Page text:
Christie signed two education bills, one barring the state from withholding aid based on student participation in standardized tests and the other barring standardized tests for K-2 students (that no one gives anyway). See the Star-Ledger, NJ Spotlight, Tapintonet, Press of Atlantic City, and The Record. Spotlight notes that Christie's approval of the bills, particularly the lifting of sanctions for opt-outs, is a sign of his slide to the right to attract GOP voters. He made NJEA happy too.
NJ Spotlight: "New Jersey is now just one of seven states, along with Washington, D.C., that is slated to give at least some version of the PARCC language arts and math in the 2015-2016 school year, according to a new state-by-state survey conducted by the Education Commission of the States, a Colorado-based policy organization."
Here's the Asbury Park Press on N.J.'s achievement gap, highlighted by the PARCC test results: "White and Asian students dramatically outperformed their peers on the state's new standardized exam that debuted last year, perpetuating the achievement gap that has long-threatened to leave minority and low-income students farther behind." Also see the Star-Ledger.
A N.J. Appeals Court denied extra money for the 16 poor, rural "Bacon Districts" (via Asbury Park Press): "A three-judge panel denied an appeal last week to bring more state money into these four Ocean County school districts, as well as 11 others across New Jersey." And, from the Courier Post,"The court noted the assessments addressed a variety of individual remedies other than additional funding. For example, they say the Lawrence district should pursue regionalization because it’s so small, the Lakewood district should reconsider its expensive courtesy busing program and the Buena Regional district should address excessive personnel costs."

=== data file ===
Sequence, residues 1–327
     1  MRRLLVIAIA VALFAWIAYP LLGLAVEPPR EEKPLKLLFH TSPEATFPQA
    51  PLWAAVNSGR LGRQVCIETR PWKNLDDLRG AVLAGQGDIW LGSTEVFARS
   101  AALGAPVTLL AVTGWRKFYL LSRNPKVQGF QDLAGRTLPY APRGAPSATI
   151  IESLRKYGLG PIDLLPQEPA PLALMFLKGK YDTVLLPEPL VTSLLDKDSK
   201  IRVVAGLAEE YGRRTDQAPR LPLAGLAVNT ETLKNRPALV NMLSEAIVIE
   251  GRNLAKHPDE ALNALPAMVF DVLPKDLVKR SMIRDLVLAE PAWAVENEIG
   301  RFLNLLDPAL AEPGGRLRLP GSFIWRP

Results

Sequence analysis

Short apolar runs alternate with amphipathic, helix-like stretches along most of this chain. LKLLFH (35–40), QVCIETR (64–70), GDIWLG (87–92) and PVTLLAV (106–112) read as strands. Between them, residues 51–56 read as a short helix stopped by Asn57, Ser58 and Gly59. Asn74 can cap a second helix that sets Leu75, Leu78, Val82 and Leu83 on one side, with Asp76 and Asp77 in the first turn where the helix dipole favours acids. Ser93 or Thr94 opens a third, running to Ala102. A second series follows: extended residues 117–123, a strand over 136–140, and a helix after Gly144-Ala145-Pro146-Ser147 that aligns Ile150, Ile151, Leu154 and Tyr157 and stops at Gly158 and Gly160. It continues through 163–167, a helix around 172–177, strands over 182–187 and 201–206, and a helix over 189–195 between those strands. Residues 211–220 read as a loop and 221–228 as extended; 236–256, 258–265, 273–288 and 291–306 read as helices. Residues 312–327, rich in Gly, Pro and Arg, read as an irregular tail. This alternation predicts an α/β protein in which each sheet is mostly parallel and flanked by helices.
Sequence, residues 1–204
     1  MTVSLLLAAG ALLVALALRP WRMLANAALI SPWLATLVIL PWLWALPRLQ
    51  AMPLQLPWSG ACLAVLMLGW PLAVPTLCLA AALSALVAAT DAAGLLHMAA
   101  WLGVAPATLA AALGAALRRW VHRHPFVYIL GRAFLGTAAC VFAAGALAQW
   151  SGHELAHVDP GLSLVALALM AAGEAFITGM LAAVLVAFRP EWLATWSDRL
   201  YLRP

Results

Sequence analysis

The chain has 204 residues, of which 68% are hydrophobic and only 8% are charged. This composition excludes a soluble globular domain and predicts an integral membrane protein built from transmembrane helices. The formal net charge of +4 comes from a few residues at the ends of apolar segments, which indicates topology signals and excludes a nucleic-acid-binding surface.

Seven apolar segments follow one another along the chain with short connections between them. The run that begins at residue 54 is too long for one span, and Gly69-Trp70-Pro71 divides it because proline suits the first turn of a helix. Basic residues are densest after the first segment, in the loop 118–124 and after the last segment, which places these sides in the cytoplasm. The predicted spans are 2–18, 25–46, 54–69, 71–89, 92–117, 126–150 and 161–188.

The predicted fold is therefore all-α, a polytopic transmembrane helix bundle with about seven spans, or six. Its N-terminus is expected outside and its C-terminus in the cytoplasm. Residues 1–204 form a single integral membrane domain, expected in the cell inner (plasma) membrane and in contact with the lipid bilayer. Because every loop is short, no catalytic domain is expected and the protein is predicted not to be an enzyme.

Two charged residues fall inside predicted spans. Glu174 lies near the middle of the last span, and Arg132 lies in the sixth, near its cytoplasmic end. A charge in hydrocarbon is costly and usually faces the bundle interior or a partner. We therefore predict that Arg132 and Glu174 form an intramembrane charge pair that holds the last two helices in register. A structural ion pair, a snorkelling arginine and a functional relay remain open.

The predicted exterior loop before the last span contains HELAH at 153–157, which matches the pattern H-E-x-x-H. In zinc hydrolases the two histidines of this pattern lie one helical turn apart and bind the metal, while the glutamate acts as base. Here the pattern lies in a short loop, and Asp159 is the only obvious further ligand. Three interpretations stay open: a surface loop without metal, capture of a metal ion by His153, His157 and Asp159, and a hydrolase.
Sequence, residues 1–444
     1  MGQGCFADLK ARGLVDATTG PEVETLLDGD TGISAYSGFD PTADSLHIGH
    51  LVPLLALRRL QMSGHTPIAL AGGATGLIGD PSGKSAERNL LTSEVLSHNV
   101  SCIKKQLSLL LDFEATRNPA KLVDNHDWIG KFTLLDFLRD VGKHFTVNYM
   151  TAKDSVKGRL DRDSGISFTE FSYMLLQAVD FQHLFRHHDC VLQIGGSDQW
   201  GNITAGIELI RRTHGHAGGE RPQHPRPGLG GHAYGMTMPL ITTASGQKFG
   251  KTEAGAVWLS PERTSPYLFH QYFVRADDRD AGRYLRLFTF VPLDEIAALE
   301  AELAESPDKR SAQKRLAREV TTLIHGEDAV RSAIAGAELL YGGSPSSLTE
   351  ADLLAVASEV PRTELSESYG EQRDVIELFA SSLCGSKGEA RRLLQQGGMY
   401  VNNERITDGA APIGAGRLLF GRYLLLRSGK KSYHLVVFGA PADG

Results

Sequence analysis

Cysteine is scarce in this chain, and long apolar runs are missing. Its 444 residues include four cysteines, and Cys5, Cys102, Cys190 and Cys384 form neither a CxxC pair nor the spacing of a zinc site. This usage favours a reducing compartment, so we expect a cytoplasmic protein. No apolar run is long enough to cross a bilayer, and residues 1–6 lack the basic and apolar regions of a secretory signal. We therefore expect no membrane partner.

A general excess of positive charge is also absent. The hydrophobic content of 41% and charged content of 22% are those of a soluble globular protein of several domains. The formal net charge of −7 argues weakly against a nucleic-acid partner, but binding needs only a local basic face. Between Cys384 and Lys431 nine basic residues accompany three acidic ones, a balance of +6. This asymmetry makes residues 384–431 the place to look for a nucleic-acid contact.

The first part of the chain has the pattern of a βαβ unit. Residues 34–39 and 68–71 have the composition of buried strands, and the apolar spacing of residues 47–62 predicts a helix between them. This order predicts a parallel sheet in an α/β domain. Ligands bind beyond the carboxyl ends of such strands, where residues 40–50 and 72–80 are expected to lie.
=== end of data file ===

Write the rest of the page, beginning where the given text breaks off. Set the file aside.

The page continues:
Jeff Bennett, who blogs at New Jersey Education Aid, points out that the Bacon litigation was always "fundamentally misguided" (see his explanation here) and "The Education Law Center's adoption of the Bacon case is just one of many examples of how the ELC has become just another law firm - "Sciarra & Trachtenberg, LLP" and not a social justice organization."
Wow: the Bridgewater-Raritan teacher union is rejecting the local School Board's offer of a 9%+ salary increase over the next three years because the district can't afford to maintain the current 94% of teachers enrolled in Aetna's most expensive "Cadillac" healthcare plan. More coverage here and here.
Camden parents now have an easy way to choose the best public schools for their children.
Montclair's superintendent Ron Bolandi doesn't love magnet schools. And he's mad that the district lost some points on the state accountability metric because of sky-high opt-out rates on PARCC.
David Kirp in today's New York Times: "AMERICAN public schools [ed. note: American suburban schools, at least] do a good job of getting students into college, but a poor job preparing them to succeed once they’re there. While more than two-thirds of high school graduates enroll in college, nearly two-thirds of those arrive on campus unprepared for college-level rigor."